attacked. revolution should come from the people. This meant that
with no clear instructions, the violence spun out of control.
• People suspected of counter
revolutionary thought were
publicly humiliated, tortured
and murdered.

• Long ‘self criticism’ sessions

were encouraged where
victims had to denounce
themselves for hours on end in
front of the Red Guards

• Local governments were

overthrown and Maoist
supporters took their place.

• The Red Guard groups began

to accuse each other of
betraying the revolution and
began to attack one another.

• A ‘cult of personality’
developed around Mao.

However, by the end of 1968 the

party appeared close to being
able to restore order. The army,
which had been controlled by the
Red Guard, was restored to
power and the Red Guards
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www.explaininghistory,com 11 August 2015

By 1969 many of the older communists had been

exiled, imprisoned, had committed suicide or had
been killed during the cultural revolution. A new
generation of party members had now taken their
place and many came from the People’s Liberation
Army. The election of the former Marshall of the
PLA Lin Bao was elected as Mao’s second in
command and his growing power and popularity
began to alarm the suspicious Mao.

Lin was blamed for many of the excesses of the

cultural revolution because of his close association
with Mao. He died in a plane crash in 1971, ending
hopes that he would succeed Mao. In the last four
years of his life, Mao became reclusive and the
cultural revolution, supposedly finished in 1968 The Death of Mao
continued under the so called ‘Gang of Four’.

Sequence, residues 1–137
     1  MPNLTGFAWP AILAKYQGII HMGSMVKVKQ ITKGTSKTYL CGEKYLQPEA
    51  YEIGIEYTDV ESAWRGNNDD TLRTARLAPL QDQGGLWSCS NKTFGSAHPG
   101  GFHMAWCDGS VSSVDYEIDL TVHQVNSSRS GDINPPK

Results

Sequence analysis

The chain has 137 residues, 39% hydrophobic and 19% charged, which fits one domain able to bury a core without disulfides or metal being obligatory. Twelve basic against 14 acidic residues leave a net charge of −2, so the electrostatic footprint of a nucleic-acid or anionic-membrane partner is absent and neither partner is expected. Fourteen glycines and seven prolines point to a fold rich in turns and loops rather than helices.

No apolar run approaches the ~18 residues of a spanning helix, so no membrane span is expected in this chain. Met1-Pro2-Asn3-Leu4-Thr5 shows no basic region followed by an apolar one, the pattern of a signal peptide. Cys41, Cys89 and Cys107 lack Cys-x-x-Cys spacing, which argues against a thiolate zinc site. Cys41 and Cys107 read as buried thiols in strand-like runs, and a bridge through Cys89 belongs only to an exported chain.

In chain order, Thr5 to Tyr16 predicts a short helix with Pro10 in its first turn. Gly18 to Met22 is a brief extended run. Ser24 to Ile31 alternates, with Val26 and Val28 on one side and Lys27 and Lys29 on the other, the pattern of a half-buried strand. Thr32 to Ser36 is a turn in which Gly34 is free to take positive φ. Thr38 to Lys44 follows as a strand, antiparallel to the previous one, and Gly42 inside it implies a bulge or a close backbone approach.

Already, by 1973 Deng Xiao Peng had returned to
The Gang of Four public life, having survived the cultural revolution.
He was made vice premier seen by Mao as someone
Mao’s wife Jiang Qing (referred to in the Western
who could get the economy back on track and take
press as ‘Madame Mao’) and three allies, Wang
power from the Gang of Four. Mao did not want
Hangmen and Zhang Chunqiao and Yao Wenyuan
the cultural revolution to end and realised only in
ruled China following Mao’s retreat from public
1975 that Deng’s economic reforms would bring
life. They ruled from the central party head
that about. In 1976 popular anger about the cultural
quarters at Zhongnanhai in Beijing. They would
revolution was clear when two million mourners
later be blamed for the worst excesses of the
assembled in Tiannenmen Square in Beijing
cultural revolution, but they were by no means
following the death of Zhou Enlai. It was clear to
solely responsible.
Deng that the cultural revolution had to end and
Economic Collapse had been a disaster, but this only became possible
when Mao himself died in September 1976. Quickly
By 1973 China’s economy was on the brink of
afterwards Deng ordered the arrest of the Gang of
collapse. The cultural revolution had seen
thousands of competent managers, scientists,
engineers, doctors, teachers and academics
imprisoned, executed or driven to suicide. This
meant that industry and society had all but ceased
to function. The communist party had become
dominated by Mao’s loyalists who put his ideas
before economic productivity.